Upon revisiting certain notorious scenes from Nickelodeon shows such Ariana Grande’s character, Cat, dousing herself with water on a bed or the numerous instances of humor revolving around feet, it became evident that many of the jokes relied heavily on sexual innuendos that are clearly inappropriate for the intended young audience. While these jokes may have gone over most kids’ heads, it’s questionable why those jokes were even present. So who is behind these inappropriate and creepy scenes, and what impact did it have on the child actors themselves?


If you are chronically online and/or grew up watching Nickelodeon, you probably have heard of the name Dan Schneider. For those who are unfamiliar, Dan Schneider was the producer of Nickelodeon’s top kid shows from the 90s and 2000s such as The Amanda Show, Drake & Josh, Victorious, and iCarly. However, Schneider was brought under scrutiny by the media as old scenes from his shows resurfaced under a new and darker light. The fire was further fueled in 2022 when iCarly star, Jennette McCurdy, released her memoir, I’m Glad My Mom Died. In her book, McCurdy gave insight into the alleged inappropriate experiences working with an ominous figure called “The Creator” on set, leading people to further question the past actions of the former Nickelodeon producer.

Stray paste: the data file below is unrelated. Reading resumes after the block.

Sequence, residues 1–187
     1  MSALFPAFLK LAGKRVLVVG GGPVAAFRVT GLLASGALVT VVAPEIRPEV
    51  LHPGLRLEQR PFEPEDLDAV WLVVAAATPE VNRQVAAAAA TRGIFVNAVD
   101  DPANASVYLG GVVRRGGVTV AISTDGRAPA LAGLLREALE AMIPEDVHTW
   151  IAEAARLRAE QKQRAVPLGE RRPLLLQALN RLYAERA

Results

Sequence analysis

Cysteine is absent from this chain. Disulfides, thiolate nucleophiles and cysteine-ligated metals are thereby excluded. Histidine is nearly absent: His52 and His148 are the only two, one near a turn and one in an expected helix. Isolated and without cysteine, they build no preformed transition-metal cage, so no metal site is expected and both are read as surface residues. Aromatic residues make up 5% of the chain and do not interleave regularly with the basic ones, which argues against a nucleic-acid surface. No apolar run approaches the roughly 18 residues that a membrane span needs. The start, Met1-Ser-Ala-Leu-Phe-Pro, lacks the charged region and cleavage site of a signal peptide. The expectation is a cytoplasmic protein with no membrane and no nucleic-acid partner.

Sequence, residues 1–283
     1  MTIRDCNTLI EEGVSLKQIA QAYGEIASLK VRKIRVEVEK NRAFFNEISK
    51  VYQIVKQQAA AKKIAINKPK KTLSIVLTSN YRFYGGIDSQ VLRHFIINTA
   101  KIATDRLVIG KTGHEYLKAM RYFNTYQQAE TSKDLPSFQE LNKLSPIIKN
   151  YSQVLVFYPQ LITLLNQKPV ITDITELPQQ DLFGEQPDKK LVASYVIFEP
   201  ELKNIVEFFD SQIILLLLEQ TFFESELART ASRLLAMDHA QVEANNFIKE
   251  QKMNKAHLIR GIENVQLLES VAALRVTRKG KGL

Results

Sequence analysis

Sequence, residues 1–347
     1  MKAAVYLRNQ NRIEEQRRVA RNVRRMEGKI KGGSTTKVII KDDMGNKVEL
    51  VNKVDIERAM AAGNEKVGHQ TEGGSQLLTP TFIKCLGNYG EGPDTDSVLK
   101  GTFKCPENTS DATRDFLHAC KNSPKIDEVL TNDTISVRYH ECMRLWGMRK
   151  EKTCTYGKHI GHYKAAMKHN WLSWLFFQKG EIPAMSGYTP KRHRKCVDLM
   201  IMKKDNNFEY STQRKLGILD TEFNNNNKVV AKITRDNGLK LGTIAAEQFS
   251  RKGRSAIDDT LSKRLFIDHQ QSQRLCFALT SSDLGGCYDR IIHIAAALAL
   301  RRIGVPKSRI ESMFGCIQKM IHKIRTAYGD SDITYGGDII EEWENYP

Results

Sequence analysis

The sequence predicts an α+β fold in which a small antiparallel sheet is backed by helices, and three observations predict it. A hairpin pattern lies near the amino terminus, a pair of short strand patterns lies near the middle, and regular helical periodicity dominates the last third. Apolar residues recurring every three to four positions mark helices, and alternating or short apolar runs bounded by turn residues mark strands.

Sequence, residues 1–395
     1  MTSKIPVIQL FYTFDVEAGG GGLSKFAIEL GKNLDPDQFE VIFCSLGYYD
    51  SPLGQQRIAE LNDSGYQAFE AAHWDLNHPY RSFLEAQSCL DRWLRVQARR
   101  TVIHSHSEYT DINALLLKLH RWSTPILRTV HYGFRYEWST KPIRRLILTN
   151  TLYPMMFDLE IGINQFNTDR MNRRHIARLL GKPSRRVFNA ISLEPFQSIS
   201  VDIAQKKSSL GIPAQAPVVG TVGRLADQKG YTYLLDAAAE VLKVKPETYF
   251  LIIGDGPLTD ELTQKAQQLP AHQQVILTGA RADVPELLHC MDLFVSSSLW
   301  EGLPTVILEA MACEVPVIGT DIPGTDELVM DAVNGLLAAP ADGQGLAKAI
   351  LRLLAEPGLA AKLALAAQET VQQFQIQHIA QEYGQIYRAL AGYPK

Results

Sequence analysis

With the release of the docu-series, Quiet on Set: The Dark Side of Kids TV, untold stories were shared by a lineup of former child stars and workers from the set of Nickelodeon. Throughout the episodes, these stories uncovered the toxic culture experienced under Schneider’s production and in the children’s media industry. The series further revealed the horrors the child-stars had to face both on and off set, from discrimination and dangerous stunts while filming, to sickening child sexual abuse carried out by production assistant Jason Handy, animator Ezel Channel, and acting coach Brian Peck.